Right Now: I’m always writing or thinking about writing or sick of writing or longing to write or happy I finally wrote or wishing I had more time to write or feeling terrible at writing.
I made Crispy Chicken Tacos from the Pioneer Woman’s newest cookbook last week (okay, and again today after church). The day before that, I made the garlic lemon shrimp, and soaked up bits of butter with crusty bread. The night before that? Chicken Parmigiano. (I won’t even tell you about the three dozen cookies that were baked…Okay, I will. Canadian classic: The Best of Bridge, “Mona’s Mother’s Mother’s Best Friend’s Favourite Cookies” world without end, amen.)
When four-year-old Joseph sat down to eat, he declared, “My am wearing my turkey pants!” and yanked the elastic waistband out, copying his Dad’s Thanksgiving proclamations: My am here to eat, let’s do this thing.
Henceforth, let’s just all agree to refer to elastic waist band pants as Turkey Pants.
My creative process is very scientific. Let me tell you about it:
First, I avoid it. I do laundry, school drop off and pick up, preschool crafts, procrastinate, clean something, dither around, check Facebook, write a blog post to prime the word-pump (check!), bath the tinies, make lots of yummy food, read books out loud, avoid the washroom-cleaning, clip 80 finger-and-toe-nails, procrastinate a bit more, I hide in coffee shops on two-mornings a week (or my parents’ dining room), I make a writing playlist of Jane Austen movie soundtrack music, turn on Little Bear for the tinies, clean the house, sweep the stairs, fold a mountain of laundry, think about writing, don’t think about writing, go for a walk, download Anti-Social app to block all social media, read, and then I sit down, every now and then, on the edges, to bang out a thousands words (give or take a few zeroes).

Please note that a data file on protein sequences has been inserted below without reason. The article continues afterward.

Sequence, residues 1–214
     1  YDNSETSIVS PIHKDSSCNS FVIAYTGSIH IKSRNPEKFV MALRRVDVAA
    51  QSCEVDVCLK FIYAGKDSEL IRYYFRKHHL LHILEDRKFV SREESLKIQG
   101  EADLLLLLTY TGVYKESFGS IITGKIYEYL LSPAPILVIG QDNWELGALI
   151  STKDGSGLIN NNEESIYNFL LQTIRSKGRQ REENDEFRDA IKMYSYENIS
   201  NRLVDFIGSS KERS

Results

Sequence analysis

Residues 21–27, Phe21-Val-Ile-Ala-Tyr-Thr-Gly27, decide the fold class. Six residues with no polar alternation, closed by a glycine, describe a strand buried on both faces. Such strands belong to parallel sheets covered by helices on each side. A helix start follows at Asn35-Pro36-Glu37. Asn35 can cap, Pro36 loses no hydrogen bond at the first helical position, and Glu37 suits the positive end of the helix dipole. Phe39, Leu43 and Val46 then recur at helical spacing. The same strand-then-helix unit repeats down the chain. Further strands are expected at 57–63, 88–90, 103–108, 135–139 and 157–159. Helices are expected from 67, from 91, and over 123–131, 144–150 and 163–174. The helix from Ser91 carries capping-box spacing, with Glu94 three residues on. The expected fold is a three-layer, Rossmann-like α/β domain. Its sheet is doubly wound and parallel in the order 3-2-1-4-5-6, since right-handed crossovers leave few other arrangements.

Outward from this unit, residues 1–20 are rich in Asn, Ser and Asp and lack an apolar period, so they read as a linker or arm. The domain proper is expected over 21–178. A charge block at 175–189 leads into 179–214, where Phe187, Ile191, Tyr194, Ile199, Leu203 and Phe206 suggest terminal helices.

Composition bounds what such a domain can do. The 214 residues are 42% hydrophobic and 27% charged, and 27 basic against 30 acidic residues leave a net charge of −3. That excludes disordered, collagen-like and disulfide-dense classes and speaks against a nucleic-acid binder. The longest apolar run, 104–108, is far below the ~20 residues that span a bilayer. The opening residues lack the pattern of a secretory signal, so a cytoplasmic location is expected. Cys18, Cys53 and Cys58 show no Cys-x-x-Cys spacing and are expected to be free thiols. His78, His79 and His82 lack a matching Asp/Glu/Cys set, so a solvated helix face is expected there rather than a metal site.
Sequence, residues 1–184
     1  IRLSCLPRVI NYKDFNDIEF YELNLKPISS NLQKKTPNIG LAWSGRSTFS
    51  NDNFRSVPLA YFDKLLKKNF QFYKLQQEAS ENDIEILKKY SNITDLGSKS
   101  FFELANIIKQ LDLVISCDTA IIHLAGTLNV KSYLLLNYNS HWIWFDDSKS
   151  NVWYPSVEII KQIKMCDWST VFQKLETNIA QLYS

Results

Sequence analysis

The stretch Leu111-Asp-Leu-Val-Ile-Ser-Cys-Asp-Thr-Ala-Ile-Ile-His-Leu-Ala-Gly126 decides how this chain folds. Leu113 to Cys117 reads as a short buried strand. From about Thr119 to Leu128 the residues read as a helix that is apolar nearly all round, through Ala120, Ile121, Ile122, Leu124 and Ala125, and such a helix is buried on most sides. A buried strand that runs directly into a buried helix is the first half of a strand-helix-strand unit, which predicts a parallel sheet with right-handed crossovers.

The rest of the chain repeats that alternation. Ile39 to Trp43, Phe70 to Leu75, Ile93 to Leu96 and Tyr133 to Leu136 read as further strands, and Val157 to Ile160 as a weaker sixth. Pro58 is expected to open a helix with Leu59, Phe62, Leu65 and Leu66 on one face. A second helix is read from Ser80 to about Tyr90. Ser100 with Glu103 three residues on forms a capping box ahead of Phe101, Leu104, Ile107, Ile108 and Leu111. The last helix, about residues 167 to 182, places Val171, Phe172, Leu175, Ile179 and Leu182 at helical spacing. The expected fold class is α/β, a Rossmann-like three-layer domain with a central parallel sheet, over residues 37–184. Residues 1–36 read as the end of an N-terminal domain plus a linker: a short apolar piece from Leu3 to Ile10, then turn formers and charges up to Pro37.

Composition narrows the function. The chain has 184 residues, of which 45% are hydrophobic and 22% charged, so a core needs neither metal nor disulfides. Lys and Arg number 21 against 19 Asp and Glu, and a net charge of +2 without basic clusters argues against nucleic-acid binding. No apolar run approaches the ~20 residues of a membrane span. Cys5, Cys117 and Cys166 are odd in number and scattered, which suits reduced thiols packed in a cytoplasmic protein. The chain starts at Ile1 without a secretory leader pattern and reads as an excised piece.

It’s a delicate and precise science, clearly.
Watching me (sometimes not) write a book is stressful for my husband.
We’ve established a good rule: if it’s going well, I’ll tell him so. If it’s not, I won’t bring it up. And, darling, please don’t ask me again to estimate by percentage how much remains to be written.
I am a full-time stay at home mother with very small tinies still, and I write on the edges of my life, and I like to eat, and read a lot, and I hate talking on the phone, and my laundry is never finished, likely never will be, I’m sure.
Right now, book writing feels as if I am in the middle of my first marathon, and I’m really regretting that I didn’t train in a more useful fashion. Or at least take up jogging. Instead, I’m cooking with a lot of butter.
“Jesus Feminist“ (that title is still tentative, by the way) is due for first round edits early in January. Yeah. Just a few weeks away.
It feels like a monstrous undertaking, impossible, and I’m in way over my head, and it’s awful, and beautiful, and I love every single second of it (when I’m not busy hating it).
I’m wishing for one of those “Writing Retreats” that real authors apparently do to write books. Right now “holed up in my own basement for an hour after supper while chaos reigns overhead and Brian hollers at everyone to BE QUIET MUM IS TRYING TO WORK” counts as a retreat.
My small Evelynn has been quite sick (she’s on the mend), and that’s meant a week-without-much-creativity for my befuddled and tired brain.
Today, I’m in the Quiet Room at the library, and I may commit an act of violence on the knuckle-cracker in here.
Later tonight, I’ll leave the supper dishes to the rest of the family, open my laptop at my old oak desk downstairs, light a few candles. I’ll open the windows to the forest, and pour a glass of chardonnay, everyone will be too loud, so I’ll turn on my little writing playlist to drown them all out.
Chaos is my muse, chaos is my muse, chaos is my muse.
But first, always, never not this:
Jesus, be near. I love you, I long for you, breathe here, please please please. Abba, I love you, help me love you better through this, help me love others better through this. Holy Spirit, sweep into my fuddled and worn out mama-brain, and stir the waters, I need you here.
God, may you be glorified, I’m weak, and I feel my inadequacies so strongly, so look here, I’m moving out of the way, would you increase here? My hands are open, my heart is yours.
Thank you for this, thank you for this, thank you for every single wonderful beautiful second of getting to do this with You.
And then I just write.